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Rabobank Report: Retailer Food Brands to Reach 25-30% Market Share in Ten Years

NEW YORK, Oct. 11, 2012 /PRNewswire/ -- Rabobank forecasts that U.S. retailer food brands, i.e. private label brands, are on track to achieve market penetration of between 25% and 30% in the next decade, up from their current market share of under 20%. This projected growth, which would put the U.S. retail brand segment on par with Europe in terms of market penetration, translates as one in every three food product purchases in the U.S. being a retailer branded product by the year 2025.

In a new report titled "What Would Apple Do? How Can U.S. Branded Food Companies Withstand the Retailer Brand Onslaught?", Rabobank's Food & Agribusiness Research and Advisory group looks at drivers behind the rising power of U.S. retailer brands – that is, brands developed and sold by supermarkets and other food retailers. The report also proposes strategies for consumer packaged goods companies to defend their national brands and/or to compensate for the loss of market share to retail brands.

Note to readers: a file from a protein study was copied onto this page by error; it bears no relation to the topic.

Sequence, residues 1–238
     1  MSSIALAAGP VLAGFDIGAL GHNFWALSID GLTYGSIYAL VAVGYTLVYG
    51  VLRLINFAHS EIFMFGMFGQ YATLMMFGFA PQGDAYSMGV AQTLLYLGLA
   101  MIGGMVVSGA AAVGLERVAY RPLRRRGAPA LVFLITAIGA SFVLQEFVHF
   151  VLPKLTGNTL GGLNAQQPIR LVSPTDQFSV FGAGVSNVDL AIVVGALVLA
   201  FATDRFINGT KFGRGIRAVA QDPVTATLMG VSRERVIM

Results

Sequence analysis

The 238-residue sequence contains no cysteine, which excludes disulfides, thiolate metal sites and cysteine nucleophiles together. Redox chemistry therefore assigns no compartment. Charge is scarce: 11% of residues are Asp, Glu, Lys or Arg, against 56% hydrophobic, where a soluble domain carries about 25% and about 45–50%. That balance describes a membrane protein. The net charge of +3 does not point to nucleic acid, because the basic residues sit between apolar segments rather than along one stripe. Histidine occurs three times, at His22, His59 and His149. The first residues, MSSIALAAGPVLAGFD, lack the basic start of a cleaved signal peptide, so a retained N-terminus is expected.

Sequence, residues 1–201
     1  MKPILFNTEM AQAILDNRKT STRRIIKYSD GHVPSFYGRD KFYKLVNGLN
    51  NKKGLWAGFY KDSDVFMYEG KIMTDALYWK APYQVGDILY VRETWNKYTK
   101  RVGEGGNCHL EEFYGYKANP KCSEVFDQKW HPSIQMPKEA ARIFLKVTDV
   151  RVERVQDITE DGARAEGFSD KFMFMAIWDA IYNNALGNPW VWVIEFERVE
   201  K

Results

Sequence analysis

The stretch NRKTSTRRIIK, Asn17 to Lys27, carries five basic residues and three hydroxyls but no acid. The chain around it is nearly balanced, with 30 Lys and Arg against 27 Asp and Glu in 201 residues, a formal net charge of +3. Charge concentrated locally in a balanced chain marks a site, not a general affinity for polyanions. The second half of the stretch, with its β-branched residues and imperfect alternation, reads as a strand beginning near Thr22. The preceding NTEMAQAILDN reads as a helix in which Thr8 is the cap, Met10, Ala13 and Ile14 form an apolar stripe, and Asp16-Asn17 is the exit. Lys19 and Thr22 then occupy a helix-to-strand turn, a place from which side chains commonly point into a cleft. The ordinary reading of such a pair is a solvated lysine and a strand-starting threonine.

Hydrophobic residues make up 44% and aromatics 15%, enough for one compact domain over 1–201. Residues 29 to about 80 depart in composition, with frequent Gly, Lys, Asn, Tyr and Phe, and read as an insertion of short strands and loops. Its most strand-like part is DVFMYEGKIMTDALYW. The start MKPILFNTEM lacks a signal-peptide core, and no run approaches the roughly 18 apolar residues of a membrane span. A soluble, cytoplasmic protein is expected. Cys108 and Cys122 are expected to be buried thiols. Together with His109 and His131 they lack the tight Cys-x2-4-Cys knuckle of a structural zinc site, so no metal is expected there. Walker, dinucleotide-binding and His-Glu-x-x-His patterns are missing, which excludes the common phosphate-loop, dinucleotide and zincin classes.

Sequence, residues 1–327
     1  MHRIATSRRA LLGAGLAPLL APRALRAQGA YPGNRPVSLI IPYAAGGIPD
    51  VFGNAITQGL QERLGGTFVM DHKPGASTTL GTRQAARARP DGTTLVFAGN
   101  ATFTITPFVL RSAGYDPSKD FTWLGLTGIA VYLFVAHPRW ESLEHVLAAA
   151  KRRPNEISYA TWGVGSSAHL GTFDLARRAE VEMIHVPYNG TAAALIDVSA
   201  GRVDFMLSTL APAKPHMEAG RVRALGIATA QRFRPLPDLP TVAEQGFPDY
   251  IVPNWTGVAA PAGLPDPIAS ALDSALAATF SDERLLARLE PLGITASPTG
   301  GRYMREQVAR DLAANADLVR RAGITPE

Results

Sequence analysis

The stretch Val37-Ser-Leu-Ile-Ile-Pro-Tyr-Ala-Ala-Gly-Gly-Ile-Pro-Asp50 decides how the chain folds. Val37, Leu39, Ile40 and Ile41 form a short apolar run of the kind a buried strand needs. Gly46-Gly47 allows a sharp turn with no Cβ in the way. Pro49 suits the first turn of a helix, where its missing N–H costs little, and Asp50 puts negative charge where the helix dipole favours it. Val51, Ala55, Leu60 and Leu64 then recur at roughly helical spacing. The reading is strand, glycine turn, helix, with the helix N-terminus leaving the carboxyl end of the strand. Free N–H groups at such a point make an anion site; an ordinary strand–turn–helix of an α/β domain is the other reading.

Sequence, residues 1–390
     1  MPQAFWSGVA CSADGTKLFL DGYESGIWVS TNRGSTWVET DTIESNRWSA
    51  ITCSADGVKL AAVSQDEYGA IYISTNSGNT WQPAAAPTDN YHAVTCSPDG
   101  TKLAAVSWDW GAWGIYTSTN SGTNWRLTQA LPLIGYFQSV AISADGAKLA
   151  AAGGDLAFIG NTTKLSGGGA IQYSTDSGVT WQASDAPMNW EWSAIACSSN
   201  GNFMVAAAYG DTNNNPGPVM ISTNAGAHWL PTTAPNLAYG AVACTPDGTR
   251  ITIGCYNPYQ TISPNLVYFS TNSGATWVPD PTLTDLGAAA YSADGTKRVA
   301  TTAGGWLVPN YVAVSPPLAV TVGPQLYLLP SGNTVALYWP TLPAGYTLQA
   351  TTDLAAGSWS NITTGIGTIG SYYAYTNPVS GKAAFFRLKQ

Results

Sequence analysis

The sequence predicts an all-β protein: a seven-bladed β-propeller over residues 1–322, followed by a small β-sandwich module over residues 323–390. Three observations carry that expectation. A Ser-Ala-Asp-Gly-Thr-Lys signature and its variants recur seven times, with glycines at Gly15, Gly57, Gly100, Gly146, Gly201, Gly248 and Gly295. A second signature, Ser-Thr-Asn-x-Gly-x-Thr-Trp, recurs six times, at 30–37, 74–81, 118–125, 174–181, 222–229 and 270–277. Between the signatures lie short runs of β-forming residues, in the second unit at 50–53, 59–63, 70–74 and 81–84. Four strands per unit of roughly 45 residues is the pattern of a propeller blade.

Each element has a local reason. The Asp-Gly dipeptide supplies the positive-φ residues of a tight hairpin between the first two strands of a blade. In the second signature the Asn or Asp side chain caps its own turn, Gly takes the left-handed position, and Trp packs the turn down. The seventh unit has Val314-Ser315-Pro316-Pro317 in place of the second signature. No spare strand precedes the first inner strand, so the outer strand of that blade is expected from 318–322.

"Many national brand owners need to be bolder in their thinking and strategizing," says Nicholas Fereday, Rabobank analyst and author of the report. "Instead of opting for low cost, low risk, conservative solutions, they need to think and act more like the Apples of the world, innovating new game-changing food products and entering new categories. Alternatively, national brand owners should consider downsizing brand-building efforts and diversifying their manufacturing into B2B activities."

No Longer "Cheap and Cheerless", Retailer Brands Are Powerful Competitors